Video editing applications can make desktop movie production fun and rewarding-or they can turn it into a job more aggravating than any other computing task around. I looked at shipping versions of Adobe’s Premiere Elements and Pinnacle Systems’ Studio Plus 9 and found that both do a great job of capturing, editing, and burning movies to disc. Premiere Elements, however, is the clear winner for advanced users and for people who want room to grow.
Adobe’s Premiere Elements is a new, $100 application that closely resembles the company’s $700 Premiere Pro. Premiere Elements cannot use multiple timelines or nested sequences, batch capturing, surround-sound editing, and some Premiere Pro color correction tools. But like Pro, it can accommodate up to 99 video and audio tracks within a single project file.
Pinnacle Systems’ Studio Plus 9, which also costs $100, differs slightly from Pinnacle’s $80 Studio 9. Most notably, the Plus version can handle two video tracks (Studio 9 manages one), so it permits picture-in-picture and chroma-keying (superimposing a portion of one video on another, the way a meteorologist does).
Naturally, both applications capture footage from a MiniDV camcorder; in fact, Adobe cautions that Premiere Elements is meant exclusively for MiniDV footage (usually an AVI file). When I tried to import MPEG files from the Sony DCR-DVD301 camcorder (see next page), both applications slowed to an unusable pace and frequently crashed.
Like most video editing applications, Studio Plus automatically splits footage into clips based on the camcorder’s embedded time code; you just drag them into the storyboard or timeline. The storyboard lets you arrange clips with ease, and you can switch back and forth between it and the timeline. Though Premiere Elements doesn’t have a storyboard, it can detect scenes and send them directly to the timeline.
Studio Plus adds a SmartMovie function that requires almost no decision making: You just choose a style (for example, “soft and romantic”), enter a title and some closing credits, and hit a button. The result is a serviceable movie; and if you don’t like it, you can make changes in the timeline.
Premiere Elements ships with more than 300 video and audio effects and transitions, most of which have an incredible range of adjustability, including keyframing for applying effects over time. Studio Plus. however, ships with just 20 effects and 186 transitions; Many other effects, transitions, and additional features appear within its interface, but with padlock icons next to them-a nettlesome way of letting you know that you can’t use them unless you purchase them first (effects packs run $6 to $40).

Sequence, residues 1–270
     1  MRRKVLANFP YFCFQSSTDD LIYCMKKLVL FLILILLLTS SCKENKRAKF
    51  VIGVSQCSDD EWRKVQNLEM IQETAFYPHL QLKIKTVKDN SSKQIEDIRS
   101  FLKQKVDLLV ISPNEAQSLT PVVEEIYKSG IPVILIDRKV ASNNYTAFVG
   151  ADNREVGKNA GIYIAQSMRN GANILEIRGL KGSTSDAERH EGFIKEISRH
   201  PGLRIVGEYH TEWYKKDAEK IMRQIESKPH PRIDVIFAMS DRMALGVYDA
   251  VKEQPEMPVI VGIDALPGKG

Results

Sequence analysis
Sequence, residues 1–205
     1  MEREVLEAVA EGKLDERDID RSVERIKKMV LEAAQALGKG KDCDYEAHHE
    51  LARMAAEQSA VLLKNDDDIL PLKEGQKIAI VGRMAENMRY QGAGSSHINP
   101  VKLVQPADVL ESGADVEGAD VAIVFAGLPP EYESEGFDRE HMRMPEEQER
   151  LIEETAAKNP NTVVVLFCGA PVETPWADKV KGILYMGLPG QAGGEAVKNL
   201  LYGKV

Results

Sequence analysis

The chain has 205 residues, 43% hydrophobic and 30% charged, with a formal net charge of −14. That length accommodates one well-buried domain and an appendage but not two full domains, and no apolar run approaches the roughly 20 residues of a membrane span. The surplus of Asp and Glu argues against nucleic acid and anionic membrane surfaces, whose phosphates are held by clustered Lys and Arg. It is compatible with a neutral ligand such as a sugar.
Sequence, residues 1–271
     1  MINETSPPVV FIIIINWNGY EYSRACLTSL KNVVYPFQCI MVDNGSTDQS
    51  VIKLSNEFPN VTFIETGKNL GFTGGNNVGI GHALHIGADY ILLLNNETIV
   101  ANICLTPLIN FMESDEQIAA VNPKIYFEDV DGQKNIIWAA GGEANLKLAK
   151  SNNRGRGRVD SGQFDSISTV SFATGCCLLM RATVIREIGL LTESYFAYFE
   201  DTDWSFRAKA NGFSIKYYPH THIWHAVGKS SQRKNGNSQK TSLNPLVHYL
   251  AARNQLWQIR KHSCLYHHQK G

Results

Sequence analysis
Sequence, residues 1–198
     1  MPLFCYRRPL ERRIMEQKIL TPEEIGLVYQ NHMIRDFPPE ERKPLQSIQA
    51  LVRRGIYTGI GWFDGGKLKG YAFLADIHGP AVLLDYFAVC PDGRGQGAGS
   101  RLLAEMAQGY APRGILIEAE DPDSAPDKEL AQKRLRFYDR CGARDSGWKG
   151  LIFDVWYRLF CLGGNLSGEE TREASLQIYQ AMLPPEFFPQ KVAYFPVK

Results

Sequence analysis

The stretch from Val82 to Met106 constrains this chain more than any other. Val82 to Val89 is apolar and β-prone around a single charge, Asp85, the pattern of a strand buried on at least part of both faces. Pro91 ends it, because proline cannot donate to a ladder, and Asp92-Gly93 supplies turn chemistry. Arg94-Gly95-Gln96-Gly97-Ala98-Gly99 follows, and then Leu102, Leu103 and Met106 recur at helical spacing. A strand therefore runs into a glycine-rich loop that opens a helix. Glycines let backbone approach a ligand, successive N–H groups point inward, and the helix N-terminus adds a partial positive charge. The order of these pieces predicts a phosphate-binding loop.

Premiere Elements has 33 DVD menu templates; the application will automatically generate DVD menu markers, or you can set them manually in the timeline quite easily. You can customize only text, however: You can’t modify the backgrounds that come from the templates, and you can’t apply movement or audio.
Studio Plus comes with 45 DVD menu templates, a few with audio or motion. If you drag a menu into the storyboard or timeline, the application will ask whether you want it to generate menu markers automatically. Then you have to switch to the Make Movie section of the application to set disc-burning parameters. The process is easy, but not quite as easy as with Elements. Video editing applications are notoriously finicky, and I ran into all sorts of problems with these two programs. For example, Premiere Elements labored when attempting to process DV files, until I updated my graphics card driver (thereafter it worked fine). In addition, the application refused to recognize my system’s internal Pioneer DVR-108 burner. Meanwhile, for its part, Studio Plus got hung up during the rendering process on more than one occasion.
When Premiere Elements works, however, it’s inspiring. The program’s outstanding interface and sophisticated effects enable you to create some amazing movies.
Studio Plus is a great video editor for beginners, but it has far less power than Premiere Elements, and the intrusive reminders to buy additional components give this application an annoying trialware feel.
Adobe Premiere Elements
Price when reviewed: $100
Current prices (if available)
Incredible power for the money; good for novices as well as people who expect to upgrade later.
Pinnacle Systems Studio Plus 9
Price when reviewed: $100
Current prices (if available).
Easy to use, and packs a decent set of tools, but chronically annoying, too.
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